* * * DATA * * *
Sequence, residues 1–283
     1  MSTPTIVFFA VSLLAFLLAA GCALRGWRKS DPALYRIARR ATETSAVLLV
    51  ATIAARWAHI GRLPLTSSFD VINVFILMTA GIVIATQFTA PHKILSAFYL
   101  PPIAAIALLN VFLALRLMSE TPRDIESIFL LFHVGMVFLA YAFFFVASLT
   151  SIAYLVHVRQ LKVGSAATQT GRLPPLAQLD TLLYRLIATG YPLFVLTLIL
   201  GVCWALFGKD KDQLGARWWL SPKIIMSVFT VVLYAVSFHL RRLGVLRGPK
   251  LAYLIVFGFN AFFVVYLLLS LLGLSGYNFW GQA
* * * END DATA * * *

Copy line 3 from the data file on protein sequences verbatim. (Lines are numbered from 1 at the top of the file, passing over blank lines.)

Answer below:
    51  ATIAARWAHI GRLPLTSSFD VINVFILMTA GIVIATQFTA PHKILSAFYL